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Serving: East

East may enjoy suntan weather through Christmas, well almost

East may enjoy suntan weather through Christmas, well almost
Accuweather predicts warm weather will dominate through Christmas for most of the East. Santa may need a 4-wheel-drive mudder instead of a sleigh.

The overall weather pattern will favor above normal average temperatures averaging across much of the central and eastern United States through at least Christmas. That's the latest Accuweather prediction.

The warmth will falter at times though, says AccuWeather Chief Meteorologist Elliot Abrams. Even so, a white Christmas, snowball fights and snow angel-making may be chancy.

"There's a universal yearning for cold and snow around Christmastime, especially in the Midwest and Northeast," acknowledges Abrams. But so far this season, mild air has overwhelmed the central and eastern states. Temperatures have averaged several degrees above normal since October.

NOT THIS CHRISTMAS: Accuweather's "humbugs" say the kids will have to wait until late January or February for their snow caves.

That's expected to hold into the first part of the new year, says the meteorologist. That doesn't mean, though, there won't be enough chill in the air for one or more snowfall episodes across the Great Lakes and northern New England.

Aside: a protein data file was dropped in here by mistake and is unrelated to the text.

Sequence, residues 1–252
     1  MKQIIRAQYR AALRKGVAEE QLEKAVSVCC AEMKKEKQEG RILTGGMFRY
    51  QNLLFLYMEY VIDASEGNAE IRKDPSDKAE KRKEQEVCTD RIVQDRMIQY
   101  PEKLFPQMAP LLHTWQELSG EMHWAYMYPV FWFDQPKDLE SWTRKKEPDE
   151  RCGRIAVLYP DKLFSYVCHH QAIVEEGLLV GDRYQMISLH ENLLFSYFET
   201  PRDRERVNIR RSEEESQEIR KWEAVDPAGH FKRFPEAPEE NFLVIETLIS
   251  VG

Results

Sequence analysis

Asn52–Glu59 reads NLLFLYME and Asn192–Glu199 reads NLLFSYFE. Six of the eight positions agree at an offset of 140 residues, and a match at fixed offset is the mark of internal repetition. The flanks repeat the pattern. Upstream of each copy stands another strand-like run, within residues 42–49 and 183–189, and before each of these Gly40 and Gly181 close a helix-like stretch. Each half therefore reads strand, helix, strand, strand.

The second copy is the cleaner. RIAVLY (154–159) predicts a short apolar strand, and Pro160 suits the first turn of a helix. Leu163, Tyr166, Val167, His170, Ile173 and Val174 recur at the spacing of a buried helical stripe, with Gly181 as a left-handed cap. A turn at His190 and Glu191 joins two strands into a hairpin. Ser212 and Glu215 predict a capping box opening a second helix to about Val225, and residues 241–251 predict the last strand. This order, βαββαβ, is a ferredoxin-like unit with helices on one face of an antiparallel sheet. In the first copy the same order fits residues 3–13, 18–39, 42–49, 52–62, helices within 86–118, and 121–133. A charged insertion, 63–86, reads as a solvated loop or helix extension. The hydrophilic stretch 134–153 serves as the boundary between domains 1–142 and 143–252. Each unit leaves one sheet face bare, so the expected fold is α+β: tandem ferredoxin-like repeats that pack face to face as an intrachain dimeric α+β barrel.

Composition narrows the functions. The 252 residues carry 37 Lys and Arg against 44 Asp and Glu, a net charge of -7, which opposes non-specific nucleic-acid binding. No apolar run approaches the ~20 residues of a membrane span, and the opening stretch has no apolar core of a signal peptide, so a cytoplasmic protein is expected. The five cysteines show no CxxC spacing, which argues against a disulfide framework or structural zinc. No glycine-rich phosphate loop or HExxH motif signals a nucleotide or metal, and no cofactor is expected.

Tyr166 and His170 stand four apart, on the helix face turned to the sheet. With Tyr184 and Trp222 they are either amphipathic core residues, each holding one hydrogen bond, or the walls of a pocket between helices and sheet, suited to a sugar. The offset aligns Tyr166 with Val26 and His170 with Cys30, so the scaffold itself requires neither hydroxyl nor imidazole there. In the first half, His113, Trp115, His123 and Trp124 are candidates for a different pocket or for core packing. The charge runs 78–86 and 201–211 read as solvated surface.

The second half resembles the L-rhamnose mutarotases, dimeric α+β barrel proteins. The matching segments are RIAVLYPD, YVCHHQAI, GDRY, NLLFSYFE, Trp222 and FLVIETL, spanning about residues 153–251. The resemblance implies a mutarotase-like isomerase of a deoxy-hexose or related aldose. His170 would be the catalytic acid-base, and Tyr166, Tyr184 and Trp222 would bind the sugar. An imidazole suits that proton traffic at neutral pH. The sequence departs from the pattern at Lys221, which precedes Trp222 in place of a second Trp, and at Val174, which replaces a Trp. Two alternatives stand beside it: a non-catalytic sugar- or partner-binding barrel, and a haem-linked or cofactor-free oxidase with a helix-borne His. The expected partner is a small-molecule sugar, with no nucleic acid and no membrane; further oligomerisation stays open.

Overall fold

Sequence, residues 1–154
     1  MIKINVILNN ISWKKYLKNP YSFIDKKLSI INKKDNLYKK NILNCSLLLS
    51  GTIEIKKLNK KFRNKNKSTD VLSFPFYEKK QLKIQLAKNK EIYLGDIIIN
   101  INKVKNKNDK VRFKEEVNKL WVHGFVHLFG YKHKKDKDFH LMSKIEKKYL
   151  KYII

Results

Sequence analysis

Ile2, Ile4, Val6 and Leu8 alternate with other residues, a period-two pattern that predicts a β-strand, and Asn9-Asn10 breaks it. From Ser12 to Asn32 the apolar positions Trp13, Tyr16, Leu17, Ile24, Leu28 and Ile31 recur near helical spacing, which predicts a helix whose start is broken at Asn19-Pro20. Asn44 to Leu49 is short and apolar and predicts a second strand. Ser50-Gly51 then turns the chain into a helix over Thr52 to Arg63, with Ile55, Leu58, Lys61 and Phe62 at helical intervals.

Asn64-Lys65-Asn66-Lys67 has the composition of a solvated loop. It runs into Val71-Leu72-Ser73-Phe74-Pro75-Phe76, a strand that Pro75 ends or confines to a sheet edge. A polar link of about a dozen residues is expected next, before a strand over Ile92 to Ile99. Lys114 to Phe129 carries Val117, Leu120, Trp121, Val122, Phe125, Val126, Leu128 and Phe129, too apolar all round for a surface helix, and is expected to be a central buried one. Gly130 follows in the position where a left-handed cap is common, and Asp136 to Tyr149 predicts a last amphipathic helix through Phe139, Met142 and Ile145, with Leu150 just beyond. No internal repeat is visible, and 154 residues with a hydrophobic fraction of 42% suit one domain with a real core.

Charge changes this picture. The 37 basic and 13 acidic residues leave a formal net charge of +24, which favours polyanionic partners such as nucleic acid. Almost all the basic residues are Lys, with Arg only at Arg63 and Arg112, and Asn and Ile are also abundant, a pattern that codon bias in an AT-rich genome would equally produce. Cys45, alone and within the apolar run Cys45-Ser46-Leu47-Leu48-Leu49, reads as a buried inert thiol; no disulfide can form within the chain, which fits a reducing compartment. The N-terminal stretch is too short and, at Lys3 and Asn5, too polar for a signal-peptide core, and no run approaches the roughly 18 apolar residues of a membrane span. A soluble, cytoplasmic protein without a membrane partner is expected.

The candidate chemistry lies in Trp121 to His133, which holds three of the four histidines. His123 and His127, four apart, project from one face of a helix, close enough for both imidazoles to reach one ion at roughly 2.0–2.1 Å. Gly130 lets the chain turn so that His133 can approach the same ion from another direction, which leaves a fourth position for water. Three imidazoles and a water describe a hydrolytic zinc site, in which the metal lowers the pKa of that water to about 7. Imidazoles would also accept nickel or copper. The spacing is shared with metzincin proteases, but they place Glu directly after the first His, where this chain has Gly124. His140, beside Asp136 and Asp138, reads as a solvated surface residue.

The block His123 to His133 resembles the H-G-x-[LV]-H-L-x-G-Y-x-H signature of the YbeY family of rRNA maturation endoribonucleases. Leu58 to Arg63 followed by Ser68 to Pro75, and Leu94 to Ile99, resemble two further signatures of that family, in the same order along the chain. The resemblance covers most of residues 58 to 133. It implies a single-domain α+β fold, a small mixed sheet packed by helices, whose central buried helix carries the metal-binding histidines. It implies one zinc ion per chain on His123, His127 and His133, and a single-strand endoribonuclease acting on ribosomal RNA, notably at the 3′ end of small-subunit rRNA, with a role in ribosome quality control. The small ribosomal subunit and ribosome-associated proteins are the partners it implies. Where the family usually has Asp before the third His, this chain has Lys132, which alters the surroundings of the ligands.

Longer range look

AccuWeather's Chief Long Range Meteorologist Paul Pastelok expects several doses of chilly air to sweep across northern parts of the central states and the Northeast from mid-December to beyond Christmas. "The problem will be for storms to catch up with the brief episodes of chilly air in absence of persistent and extensive cold conditions," he adds.

A secondary storm track along the coastal Northeast could come into play for parts of northern New England and upstate New York. At assumes they're strong enough to draw in cold air. Cities such as Chicago; Minneapolis; Kansas City; Albany, N.Y.; and Caribou, Maine may be cold enough for a white Christmas, provided a storm is in the vicinity.

Most of the Mid-Atlantic, southeastern New England and New York City are looking at air too warm too often to support snow through Christmas. More persistent winter weather is still many weeks away.

"We expect some colder air masses and perhaps opportunities for snow to pick up toward the middle of January," concludes Pastelok.

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